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Misunderstandings are part of communication, yet when they occur between cultures, differences are made comprehensible. What is important in this process is not simply the recognition of difference, for this would merely confirm a cliché. Ulrike Ottinger sympathises with all things foreign because they take her beyond the boundaries of recognition this makes her films the medium of a cognition that involves imagination and registration, critique and concern. Whether she makes fiction films or documentaries or, from time to time, shifts them to the acoustic field of an audio montage she steadily works on pushing her images beyond clichés, on freeing them. She accumulates visual and acoustic impressions that she frames and reframes. She keeps contradictions open by living them time until they force us to change our viewing and listening habits.
In Ottinger's work, story is no longer understood as a sequence of actions. It is understood spatially instead of temporally, as a set of differences and resonances whose heterogeneous association lies in the moment of interruption that allows us to alternate between stories and to fall into time. We are put into the flow of things, no longer connected via responses, and so we discover the power of images and sounds a power they possess exactly because they no longer depict things but recreate them. This involves a form of touching that is a part of seeing and hearing, so much so that it changes with the time it takes to see and hear. Sequences meet in an extraordinary manner in the montage. For example, in Ottinger's Exile Shanghai (1997) a place is recorded on a map, but evolves over time.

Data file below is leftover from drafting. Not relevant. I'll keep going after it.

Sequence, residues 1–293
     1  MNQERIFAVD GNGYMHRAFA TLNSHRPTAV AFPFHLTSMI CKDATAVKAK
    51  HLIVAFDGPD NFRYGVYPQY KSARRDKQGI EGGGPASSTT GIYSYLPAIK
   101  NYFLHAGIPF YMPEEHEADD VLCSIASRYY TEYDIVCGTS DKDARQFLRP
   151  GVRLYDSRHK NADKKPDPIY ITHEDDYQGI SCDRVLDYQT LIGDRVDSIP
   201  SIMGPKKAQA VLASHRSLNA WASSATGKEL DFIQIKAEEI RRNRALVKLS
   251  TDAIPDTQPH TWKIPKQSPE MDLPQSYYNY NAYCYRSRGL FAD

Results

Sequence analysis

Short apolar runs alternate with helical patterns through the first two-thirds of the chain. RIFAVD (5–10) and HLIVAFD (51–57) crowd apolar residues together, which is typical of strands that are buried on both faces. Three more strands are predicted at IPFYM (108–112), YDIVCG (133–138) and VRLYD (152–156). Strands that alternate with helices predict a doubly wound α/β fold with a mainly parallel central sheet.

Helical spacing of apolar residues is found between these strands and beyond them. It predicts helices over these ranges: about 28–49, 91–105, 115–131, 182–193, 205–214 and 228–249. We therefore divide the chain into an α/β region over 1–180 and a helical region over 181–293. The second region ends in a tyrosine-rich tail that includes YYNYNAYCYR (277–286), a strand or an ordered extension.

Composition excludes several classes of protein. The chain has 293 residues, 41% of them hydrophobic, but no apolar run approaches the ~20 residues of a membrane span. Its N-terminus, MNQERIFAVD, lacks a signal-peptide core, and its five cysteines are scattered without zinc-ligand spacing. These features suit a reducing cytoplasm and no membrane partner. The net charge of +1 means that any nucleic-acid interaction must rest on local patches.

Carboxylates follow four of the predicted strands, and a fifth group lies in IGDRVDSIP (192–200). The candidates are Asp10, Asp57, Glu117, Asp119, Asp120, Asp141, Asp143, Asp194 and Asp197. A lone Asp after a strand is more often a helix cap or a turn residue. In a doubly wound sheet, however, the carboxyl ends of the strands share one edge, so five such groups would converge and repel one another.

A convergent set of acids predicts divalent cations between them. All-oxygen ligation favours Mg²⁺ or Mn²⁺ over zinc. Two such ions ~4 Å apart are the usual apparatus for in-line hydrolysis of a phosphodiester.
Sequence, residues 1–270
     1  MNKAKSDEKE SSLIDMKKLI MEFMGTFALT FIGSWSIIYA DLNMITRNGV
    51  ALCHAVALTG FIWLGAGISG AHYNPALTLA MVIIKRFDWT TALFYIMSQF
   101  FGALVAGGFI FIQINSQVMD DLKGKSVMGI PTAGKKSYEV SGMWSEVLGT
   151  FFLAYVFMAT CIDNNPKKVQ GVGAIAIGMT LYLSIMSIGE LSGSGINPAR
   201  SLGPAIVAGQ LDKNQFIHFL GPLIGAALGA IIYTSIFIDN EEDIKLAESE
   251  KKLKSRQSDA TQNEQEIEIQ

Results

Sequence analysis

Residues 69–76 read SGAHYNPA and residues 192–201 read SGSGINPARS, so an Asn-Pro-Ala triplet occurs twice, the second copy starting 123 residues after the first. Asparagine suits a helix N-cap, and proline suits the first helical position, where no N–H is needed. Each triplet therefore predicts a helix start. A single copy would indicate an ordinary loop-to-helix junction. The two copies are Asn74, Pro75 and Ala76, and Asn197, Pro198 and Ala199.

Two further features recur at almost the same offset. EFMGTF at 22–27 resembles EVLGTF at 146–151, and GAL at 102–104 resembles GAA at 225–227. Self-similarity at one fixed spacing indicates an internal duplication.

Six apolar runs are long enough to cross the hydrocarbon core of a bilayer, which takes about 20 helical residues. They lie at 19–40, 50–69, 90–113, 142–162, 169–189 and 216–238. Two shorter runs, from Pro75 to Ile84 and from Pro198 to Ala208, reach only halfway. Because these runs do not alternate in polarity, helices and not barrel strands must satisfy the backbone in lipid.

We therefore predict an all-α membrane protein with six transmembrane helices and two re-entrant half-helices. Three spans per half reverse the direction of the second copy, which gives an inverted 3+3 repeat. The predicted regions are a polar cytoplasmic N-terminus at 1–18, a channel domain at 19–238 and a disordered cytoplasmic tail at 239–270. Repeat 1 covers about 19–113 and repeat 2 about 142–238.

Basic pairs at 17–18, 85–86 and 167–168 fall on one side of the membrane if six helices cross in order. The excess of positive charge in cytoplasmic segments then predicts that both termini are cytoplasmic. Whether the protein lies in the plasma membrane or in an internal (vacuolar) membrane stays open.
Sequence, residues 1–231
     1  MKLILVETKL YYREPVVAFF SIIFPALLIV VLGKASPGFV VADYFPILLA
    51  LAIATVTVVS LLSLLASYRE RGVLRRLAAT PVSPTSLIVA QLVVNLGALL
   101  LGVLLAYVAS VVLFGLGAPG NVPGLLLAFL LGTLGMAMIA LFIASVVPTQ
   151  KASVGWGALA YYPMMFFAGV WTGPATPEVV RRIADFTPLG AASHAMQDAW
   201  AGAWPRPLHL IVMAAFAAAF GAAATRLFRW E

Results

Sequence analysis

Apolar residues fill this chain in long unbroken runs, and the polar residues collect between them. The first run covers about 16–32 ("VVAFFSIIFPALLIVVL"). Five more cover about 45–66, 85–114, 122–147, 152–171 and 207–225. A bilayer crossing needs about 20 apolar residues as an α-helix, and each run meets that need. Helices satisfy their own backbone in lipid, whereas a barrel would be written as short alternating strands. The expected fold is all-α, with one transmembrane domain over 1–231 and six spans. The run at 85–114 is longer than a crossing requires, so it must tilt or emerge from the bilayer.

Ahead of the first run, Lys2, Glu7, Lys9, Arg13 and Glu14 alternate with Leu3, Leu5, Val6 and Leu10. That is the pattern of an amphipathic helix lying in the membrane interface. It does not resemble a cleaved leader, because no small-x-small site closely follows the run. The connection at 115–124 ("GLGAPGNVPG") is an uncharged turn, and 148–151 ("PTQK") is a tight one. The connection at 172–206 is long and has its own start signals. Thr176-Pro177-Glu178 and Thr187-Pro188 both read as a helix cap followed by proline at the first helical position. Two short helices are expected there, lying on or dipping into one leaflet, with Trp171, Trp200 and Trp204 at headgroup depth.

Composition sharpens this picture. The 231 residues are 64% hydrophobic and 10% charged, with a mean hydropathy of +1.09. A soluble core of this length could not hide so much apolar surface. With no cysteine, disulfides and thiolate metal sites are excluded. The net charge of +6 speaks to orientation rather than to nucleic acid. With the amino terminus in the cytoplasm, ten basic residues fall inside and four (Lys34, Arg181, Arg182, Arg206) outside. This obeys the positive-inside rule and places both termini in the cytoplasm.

You hear something that
Versatzamt means pawn shop, though in this context it also suggests an office of displacement.↑